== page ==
In 2006 Canary Wharf’s figures were almost identical to figures worldwide. This year the number of peer-to-peer connections fell slightly and amounted to 7%. This may indicate that WiFi devices with this kind of connection are decreasing in popularity (printers, for example), although overall these figures are within the margins of error.
The figures did not change much for London as a whole (unlike Canary Wharf) and showed a slight increase in the number of peer-to-peer connections. At just 1%, this increase is very small, but considering the total rise in the number of wireless hotspots in London, we can see that this trend is clearly indicative. Perhaps in the future London will catch up with Paris’s 13%.
Networks with default settings are a juicy target for hackers who specialize in wireless networks. As a rule, the SSID default means that the administrator of the hotspot has not changed the name of the router. This also indirectly shows that the account administrator is using the default password. It is very easy to find information about default passwords for different equipment makes and models on the Internet. Once a hacker knows the manufacturer (see Equipment manufacturers) a hacker can gain full control of a network. In London in 2006, default settings were found on 3.68% of the city's networks and slightly over 3% of Canary Wharf's WiFi hotspots.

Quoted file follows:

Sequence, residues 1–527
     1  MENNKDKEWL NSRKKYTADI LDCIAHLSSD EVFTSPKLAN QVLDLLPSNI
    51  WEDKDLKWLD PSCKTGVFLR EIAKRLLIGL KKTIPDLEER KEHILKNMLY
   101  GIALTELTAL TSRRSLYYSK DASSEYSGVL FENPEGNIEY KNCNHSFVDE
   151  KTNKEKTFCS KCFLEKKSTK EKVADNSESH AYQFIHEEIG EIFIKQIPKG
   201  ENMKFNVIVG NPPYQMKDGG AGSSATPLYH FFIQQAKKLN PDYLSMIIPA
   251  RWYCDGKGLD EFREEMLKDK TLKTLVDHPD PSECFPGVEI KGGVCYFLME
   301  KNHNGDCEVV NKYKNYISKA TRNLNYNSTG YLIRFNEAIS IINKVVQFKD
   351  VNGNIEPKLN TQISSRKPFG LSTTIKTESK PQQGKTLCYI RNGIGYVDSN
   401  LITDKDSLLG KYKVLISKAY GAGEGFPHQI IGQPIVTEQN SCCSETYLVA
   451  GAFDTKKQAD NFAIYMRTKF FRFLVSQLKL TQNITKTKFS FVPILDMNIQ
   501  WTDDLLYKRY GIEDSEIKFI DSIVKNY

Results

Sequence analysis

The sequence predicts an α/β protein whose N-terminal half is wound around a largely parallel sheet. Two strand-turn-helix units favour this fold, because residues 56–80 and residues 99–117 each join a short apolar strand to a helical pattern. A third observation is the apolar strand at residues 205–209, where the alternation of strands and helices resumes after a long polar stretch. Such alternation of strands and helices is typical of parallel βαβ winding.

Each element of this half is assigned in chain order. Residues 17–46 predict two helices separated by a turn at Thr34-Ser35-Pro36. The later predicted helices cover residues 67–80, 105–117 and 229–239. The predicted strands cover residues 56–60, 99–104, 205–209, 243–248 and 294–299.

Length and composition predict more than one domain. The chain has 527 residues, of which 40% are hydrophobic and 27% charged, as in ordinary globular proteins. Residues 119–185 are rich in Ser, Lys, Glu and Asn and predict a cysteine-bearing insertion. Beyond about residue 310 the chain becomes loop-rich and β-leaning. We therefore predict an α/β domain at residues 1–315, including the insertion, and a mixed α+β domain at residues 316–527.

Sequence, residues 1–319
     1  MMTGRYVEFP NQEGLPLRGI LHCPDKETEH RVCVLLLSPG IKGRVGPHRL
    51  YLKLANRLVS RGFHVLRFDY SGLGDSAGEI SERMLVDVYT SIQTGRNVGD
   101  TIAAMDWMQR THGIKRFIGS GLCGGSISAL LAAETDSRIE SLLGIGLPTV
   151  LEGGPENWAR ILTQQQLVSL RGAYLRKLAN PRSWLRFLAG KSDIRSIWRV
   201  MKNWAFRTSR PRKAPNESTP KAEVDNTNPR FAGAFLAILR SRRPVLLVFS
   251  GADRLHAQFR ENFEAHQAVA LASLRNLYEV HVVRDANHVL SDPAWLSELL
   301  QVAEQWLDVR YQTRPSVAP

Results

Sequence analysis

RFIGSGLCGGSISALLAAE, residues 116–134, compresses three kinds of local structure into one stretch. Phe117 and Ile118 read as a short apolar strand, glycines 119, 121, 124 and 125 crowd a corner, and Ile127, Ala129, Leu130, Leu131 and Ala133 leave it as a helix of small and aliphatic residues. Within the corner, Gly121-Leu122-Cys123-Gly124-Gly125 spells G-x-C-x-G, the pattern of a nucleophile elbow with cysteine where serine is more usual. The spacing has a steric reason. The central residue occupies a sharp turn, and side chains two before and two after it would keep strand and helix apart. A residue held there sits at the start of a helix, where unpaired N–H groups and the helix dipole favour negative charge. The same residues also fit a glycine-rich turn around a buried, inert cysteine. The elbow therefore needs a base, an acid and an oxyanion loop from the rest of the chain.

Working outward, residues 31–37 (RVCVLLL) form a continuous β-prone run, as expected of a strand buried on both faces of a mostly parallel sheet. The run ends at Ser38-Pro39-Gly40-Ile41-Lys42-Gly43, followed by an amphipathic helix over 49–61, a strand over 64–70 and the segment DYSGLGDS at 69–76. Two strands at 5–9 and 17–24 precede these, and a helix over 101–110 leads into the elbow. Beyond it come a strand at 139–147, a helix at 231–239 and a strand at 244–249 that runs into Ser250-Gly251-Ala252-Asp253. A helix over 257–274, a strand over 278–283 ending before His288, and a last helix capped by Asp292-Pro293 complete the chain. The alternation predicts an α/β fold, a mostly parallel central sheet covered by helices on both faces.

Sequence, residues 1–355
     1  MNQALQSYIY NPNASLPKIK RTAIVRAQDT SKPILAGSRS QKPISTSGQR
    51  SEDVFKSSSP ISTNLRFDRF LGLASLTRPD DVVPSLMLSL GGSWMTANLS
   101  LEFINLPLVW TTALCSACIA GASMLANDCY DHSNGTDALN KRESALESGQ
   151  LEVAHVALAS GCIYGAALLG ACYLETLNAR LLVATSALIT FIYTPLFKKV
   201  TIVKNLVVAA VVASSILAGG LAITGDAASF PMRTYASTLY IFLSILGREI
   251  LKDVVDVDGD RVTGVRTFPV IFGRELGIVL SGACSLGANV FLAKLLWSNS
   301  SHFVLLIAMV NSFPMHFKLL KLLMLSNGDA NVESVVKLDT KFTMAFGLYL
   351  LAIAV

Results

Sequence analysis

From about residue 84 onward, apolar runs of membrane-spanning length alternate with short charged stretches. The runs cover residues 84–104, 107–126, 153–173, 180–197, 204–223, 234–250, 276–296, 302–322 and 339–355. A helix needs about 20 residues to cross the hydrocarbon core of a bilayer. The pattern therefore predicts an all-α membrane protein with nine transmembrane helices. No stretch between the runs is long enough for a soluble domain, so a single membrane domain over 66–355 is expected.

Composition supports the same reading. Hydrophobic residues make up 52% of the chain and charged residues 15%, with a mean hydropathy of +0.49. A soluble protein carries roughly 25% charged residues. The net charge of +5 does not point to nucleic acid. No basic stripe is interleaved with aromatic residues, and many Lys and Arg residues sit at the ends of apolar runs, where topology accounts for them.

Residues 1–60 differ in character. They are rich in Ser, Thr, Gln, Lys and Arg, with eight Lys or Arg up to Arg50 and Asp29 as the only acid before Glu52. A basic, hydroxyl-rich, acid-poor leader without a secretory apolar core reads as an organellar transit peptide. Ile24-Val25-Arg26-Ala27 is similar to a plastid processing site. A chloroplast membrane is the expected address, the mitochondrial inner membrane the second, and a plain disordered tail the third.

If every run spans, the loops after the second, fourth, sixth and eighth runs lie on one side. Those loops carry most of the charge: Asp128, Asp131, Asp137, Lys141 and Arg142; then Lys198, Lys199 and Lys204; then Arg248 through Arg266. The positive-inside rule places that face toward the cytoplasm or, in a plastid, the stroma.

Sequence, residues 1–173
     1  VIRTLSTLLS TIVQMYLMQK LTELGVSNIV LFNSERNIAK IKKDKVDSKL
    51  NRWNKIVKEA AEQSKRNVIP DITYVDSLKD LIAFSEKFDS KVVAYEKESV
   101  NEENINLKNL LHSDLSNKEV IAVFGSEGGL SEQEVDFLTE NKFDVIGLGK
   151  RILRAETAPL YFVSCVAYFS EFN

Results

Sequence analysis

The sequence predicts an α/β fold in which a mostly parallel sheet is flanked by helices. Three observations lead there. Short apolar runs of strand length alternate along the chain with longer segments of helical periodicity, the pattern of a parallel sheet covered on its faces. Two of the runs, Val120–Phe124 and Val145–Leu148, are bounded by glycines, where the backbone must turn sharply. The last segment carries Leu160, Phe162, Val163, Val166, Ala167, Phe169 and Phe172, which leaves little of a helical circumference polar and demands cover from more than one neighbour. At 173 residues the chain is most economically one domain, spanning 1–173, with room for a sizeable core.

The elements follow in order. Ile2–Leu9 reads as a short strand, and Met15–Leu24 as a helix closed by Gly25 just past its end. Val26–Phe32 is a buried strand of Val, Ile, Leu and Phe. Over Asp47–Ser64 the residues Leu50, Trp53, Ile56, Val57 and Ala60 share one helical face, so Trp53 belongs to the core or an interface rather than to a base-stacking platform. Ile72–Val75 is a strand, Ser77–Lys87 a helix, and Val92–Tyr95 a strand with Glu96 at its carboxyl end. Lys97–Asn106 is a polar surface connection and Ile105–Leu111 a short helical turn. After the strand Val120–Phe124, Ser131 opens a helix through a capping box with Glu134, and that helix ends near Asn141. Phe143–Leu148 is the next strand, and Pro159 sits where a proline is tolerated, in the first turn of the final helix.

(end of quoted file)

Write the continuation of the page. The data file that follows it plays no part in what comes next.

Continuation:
One of the most effective means of protection against wardriving is disabling the SSID. The chart below shows a breakdown of the networks found according to these two factors.
As the graph shows, the default SSID figures for Canary Wharf halved to 1.5%. However the number of networks with disabled SSIDs has fall from a record 30% to a more modest 19.4%.
La Defense is still in the lead for this category, with 26% of its WiFi networks using disabled SSIDs.
It may seem odd but the decrease was noted for London as a whole as well, from 32% to just over 13%. The drop in networks using default configuration from 3.68% in 2006 to just 1.07% in 2007 is a positive sign and is a new record low.
One interesting phenomenon is the tendency to use hotspots for subliminal advertising. Every client attempting to connect to a network will look at the list of accessible networks. Using web addresses as hotspot names can serve as an additional means of attracting new clients to the site. The first networks that we saw using this technique were in Warsaw, where they accounted for roughly 3% of all networks. This approach was found in London as well, and although only 1% of WiFi networks used this tactic, it can still be seen as a certain trend.
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